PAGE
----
Edwin continues his blog series to celebrate International Youth Day

Today is International Youth Day and a public holiday in Zambia. I am, therefore, dedicating this blog to youths everywhere, because we are the next stakeholders, CEOs, Managing Directors, Presidents and Members of Parliament, and Senators. But I am writing this blog for those holding those positions now as you are the very important agents who can either build on what is, or hamper that which is to come.

We youths are just in the phase of finding our purpose for life, whether in the family, work, community, or in academia. Even if we have landed a place at a good university or in a great jobs, does not mean we have arrived.  What we need is help to find our purpose.

I see the situation all around me where we are not empowered to develop and improve ourselves, based on our talents, passions and skills. For instance, a few Sundays ago, I was in my church. It had been decided that the youth should lead the singing. The next Sunday, the main choir wanted me to stay in their team. But singing is neither my passion nor my gift. Instead, my interest and skills are more suited to joining the media team and take charge of broadcasting ours services. The senior choir members, however, are making it difficult for me to leave and do what I love. What I really need is for them to set me free and help me to become even better at what I want to do.

Let’s continue.  If we youths are tomorrow’s leaders, then now is the time we should be preparing. What prepares us for greatness, are education and self-discovery. But look at how many youths in my country are mis- or under-educated!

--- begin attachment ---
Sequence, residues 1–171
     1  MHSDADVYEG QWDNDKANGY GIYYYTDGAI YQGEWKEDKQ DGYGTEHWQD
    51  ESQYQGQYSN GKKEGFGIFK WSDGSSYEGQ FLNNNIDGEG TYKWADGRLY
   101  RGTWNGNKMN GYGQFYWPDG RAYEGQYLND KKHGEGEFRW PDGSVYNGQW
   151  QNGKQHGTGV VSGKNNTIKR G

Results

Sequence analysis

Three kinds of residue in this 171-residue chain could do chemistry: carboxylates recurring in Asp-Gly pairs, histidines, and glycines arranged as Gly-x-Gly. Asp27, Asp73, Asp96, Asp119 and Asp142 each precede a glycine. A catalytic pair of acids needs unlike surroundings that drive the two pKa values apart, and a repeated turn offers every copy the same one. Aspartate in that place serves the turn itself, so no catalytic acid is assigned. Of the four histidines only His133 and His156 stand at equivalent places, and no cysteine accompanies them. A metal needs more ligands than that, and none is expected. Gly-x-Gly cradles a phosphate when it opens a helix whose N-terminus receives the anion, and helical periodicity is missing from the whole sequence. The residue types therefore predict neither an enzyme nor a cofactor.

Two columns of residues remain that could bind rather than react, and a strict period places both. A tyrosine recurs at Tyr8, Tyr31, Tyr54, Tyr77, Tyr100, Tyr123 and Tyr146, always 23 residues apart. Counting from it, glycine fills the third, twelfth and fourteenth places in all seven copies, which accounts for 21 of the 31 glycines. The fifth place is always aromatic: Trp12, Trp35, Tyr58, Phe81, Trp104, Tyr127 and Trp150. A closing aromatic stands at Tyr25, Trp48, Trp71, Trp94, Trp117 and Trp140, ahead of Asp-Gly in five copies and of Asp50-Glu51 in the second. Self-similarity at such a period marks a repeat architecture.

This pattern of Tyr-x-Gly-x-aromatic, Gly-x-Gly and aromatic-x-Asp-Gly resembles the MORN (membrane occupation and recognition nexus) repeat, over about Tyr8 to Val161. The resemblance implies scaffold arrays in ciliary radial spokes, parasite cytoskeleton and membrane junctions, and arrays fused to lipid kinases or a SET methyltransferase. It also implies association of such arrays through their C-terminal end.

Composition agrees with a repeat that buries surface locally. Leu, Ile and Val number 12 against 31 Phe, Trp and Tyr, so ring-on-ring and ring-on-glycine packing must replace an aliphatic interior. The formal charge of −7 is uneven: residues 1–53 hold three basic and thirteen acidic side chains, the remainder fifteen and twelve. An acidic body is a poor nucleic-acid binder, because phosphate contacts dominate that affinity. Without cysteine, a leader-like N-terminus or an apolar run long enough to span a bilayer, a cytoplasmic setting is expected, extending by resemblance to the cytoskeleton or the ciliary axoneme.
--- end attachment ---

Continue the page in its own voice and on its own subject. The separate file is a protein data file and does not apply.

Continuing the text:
I had a conversation with Andrew, one of Our Moon students:


What do you think is the problem of the youths of today?


I think it’s the problem of identity. They are looking for themselves in whatever they’re doing. Some, because they can’t seem to find anything, are frustrated already, and have given up on themselves, so you’ll find they quickly start to accept what goes on around them.


Are there any good things that we are doing in our communities?


Yes, who do Chinese companies employ to build their fine buildings? Young people like us. Who are driving the big public transport buses? Us. Who is in the army? Us.


Is the government, through the education system, empowering more youths?


Look, there’s no problem with sponsoring the graduate with high grades. The problem is that most youth don’t manage to do that.” So how are you going to make change to Zambia with the majority being left out of education opportunities?  But this case is complicated, somehow, because obviously we can’t give such opportunities to low-achieving students. There’s a need to strategically plan for those left out students.

Organisations like Our Moon and Kucetekela Foundation, which are helping some of them into higher learning institutions, deserve a hand. Companies like Bongo Hive, Shoprite, Spar, Trade Kings, PwC, Impact Enterprises in Chipata, are empowering youths with skills. They must be supported – because educating/empowering youth, is a direct investment into the future of our nation.


I agree with you, that firstly, youths are suffering from an identity crisis, and are constantly looking for it. Andrew, you and I have been lucky that, through Our Moon, we have been given the opportunity to start this process. However, for the majority of us, there is little space for us to explore ourselves. But what I can say to my fellow youths, is: yearn to build yourselves, desire to change things for the better, and through that same process, you’ll meet yourself, and live as you. And company bosses, members of Parliament and people in positions of influence, please help to create more of these spaces to let this happen.

Happy Youth Day to you all in Zambia!

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